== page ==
I learnt to laugh at myself from Pu La: Ameen Sayani

‘I have learnt how to laugh at myself from Pu La Deshpande,” said veteran radio broadcaster Ameen Sayani at Pulotsav as he received the Pu La Smruti Sanman Award on Saturday (Nov 12). With a career spanning 67 years in the field of radio, Sayani narrated many tales from his childhood and he even spoke about his popular show ‘Binaca Geetmala’ and about the changes that led to the downfall of All India Radio (AIR).

“Film songs are an important part of our film culture. There is a difference in the music we listen to now and the music that we heard before. The music then touched the heart while the music played now only touches the body. But that does not mean that the music now is bad. We have to change with the times.” Sayani said that when AIR had just started, it was at par with the BBC format of broadcasting, “Things changed when B V Keskar took over as the Minister of Information and Broadcasting around 1952. He thought that film songs were westernised so he banned them and AIR could no longer play such music. All the records that AIR had were broken, thrown and destroyed. There were some other conditions like the announcer on the radio could not smile or laugh while speaking. That’s the time when people tuned to Radio Ceylon to listen to film music.”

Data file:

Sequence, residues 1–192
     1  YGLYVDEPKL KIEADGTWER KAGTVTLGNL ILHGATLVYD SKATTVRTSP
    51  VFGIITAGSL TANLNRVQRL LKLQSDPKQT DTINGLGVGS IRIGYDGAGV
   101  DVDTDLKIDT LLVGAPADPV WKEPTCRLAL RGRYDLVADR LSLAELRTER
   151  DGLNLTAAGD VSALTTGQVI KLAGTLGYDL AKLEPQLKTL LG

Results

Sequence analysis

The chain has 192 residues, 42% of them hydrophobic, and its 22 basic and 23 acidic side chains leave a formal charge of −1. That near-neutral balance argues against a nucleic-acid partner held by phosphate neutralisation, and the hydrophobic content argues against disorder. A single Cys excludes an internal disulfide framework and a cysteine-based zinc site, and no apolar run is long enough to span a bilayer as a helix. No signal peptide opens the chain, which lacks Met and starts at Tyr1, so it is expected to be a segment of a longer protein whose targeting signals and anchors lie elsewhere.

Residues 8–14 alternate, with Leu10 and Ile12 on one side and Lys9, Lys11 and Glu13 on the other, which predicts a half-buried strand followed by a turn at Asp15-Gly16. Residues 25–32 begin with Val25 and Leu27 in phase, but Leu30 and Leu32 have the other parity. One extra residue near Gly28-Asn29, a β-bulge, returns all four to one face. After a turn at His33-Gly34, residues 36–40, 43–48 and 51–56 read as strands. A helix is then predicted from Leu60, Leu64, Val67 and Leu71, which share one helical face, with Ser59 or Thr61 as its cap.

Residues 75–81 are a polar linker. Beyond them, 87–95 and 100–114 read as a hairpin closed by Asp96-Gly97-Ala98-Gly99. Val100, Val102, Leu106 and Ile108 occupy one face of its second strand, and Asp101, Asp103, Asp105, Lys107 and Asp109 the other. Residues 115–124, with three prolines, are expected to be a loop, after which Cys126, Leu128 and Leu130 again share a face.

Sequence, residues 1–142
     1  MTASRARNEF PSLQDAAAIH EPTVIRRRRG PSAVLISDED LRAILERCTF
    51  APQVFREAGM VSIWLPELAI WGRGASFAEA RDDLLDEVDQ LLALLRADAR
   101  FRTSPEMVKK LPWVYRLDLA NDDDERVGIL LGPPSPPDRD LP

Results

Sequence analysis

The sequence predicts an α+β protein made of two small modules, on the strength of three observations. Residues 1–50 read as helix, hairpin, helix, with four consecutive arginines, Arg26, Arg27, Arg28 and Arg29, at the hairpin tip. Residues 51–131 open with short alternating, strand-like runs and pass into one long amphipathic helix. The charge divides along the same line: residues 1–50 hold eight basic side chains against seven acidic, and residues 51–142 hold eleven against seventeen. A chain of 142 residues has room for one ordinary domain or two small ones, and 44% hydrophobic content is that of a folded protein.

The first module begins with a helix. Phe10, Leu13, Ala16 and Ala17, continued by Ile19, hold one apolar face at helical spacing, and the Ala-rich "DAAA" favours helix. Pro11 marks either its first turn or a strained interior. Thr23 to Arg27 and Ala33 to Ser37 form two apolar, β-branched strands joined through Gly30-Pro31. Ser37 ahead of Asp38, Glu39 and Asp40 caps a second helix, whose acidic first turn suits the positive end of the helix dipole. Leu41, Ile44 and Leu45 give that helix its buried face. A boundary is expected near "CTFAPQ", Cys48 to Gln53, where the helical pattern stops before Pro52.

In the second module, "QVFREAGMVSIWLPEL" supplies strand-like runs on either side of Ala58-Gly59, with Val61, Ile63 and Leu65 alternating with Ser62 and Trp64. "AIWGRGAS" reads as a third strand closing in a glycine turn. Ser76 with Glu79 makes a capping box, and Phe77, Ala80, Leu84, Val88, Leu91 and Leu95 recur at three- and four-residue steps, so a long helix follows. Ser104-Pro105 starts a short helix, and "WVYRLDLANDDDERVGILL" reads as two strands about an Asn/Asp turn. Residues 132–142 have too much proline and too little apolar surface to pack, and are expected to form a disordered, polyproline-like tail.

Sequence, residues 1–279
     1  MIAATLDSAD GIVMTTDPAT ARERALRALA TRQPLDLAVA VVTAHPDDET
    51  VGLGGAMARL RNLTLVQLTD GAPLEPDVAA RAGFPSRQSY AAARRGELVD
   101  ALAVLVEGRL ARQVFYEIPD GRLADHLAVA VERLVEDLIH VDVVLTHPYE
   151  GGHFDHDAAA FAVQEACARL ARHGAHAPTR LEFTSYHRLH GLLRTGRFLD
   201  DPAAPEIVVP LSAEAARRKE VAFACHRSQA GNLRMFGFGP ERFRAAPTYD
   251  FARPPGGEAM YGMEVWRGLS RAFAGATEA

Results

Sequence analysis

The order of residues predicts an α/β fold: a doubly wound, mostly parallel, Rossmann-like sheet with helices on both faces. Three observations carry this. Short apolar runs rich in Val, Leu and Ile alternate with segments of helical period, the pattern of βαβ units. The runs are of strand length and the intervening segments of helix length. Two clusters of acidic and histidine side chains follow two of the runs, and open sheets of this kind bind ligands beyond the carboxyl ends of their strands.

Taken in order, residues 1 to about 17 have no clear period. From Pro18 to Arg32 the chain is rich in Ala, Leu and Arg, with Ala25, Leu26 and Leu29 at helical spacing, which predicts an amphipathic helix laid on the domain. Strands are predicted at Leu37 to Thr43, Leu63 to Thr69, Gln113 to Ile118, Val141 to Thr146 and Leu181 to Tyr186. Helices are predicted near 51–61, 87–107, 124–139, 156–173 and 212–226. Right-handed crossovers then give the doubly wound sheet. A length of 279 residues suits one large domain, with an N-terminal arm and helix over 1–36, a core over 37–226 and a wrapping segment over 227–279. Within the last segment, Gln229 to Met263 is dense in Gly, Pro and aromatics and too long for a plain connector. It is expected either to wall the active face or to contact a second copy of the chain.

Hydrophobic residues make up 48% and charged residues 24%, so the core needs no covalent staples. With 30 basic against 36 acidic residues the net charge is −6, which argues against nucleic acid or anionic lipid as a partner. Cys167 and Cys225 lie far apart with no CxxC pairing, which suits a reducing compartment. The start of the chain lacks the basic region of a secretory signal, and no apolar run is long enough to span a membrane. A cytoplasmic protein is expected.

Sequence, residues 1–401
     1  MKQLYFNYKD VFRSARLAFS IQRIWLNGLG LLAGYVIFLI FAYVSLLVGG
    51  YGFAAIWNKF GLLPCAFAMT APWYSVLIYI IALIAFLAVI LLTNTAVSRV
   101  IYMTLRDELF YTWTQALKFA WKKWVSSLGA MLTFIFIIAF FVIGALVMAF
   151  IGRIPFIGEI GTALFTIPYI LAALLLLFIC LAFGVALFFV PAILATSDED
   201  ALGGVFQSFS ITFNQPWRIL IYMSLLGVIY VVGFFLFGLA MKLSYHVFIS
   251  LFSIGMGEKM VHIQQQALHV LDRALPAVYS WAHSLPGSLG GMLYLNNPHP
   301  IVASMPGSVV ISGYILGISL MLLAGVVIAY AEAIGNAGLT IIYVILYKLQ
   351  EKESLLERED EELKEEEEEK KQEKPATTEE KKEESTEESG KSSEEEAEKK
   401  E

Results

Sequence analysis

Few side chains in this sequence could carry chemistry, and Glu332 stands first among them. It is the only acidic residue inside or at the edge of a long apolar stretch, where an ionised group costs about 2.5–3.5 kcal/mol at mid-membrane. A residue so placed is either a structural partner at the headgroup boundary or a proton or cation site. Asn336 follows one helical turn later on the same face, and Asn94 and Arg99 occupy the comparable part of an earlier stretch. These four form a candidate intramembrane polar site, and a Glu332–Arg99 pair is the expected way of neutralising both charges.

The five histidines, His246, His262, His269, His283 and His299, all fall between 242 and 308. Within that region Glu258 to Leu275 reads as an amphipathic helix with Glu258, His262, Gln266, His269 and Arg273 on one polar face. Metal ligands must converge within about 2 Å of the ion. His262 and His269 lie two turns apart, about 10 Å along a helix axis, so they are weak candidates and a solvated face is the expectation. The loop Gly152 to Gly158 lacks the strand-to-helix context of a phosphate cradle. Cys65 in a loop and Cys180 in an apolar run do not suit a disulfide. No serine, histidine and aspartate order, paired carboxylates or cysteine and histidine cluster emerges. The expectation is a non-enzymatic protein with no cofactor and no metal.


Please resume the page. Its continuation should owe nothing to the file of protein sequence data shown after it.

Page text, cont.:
Sayani also light-heartedly spoke about his unsuccessful efforts to become a hero in Indian cinema and laughs while narrating a story, “Govind Saraiya was going to make Saraswatichandra and he had called up my brother, Hamid Sayani to ask if he could come and see me to offer the role of the lead. I got very excited and dressed very well. When Saraiya came, I made sure I was dressed well. He looked at me disappointed and said he couldn’t offer me the role. I was really upset but then he consoled me by saying that he would instead give me the role of the second villain or the third comedian in the film! But my dream was to become the hero!”

Coming from a family that was heavily involved in India’s freedom struggle, Sayani spoke about meeting with Mahatma Gandhi and how he influenced his mother, Kulsum Sayani to start a literary journal in Hindi, Urdu and Gujarati. “I was working like a peon for my mother. The journal would get edited, published and printed from home. My mother worked in the field of social education and literacy. Gandhiji had told her to start this journal and she even won an award for it later.”

The man behind the voice that has for so many years kept several ears glued to the radio even explained some important pointers that radio aspirants should keep in their mind, “Your communication should be right. It should be true. If it isn’t true then your listeners will lose faith in you. The communication should be clear. People should understand what you are trying to say. And, it should be natural, with a conversational flow.”

Vijayta Lalwani

Vijayta Lalwani

The young lady from Lagos has always been keen on a career in journalism. Pune365 was hence the right stop. We agree. vijayta@pune365.com
Vijayta Lalwani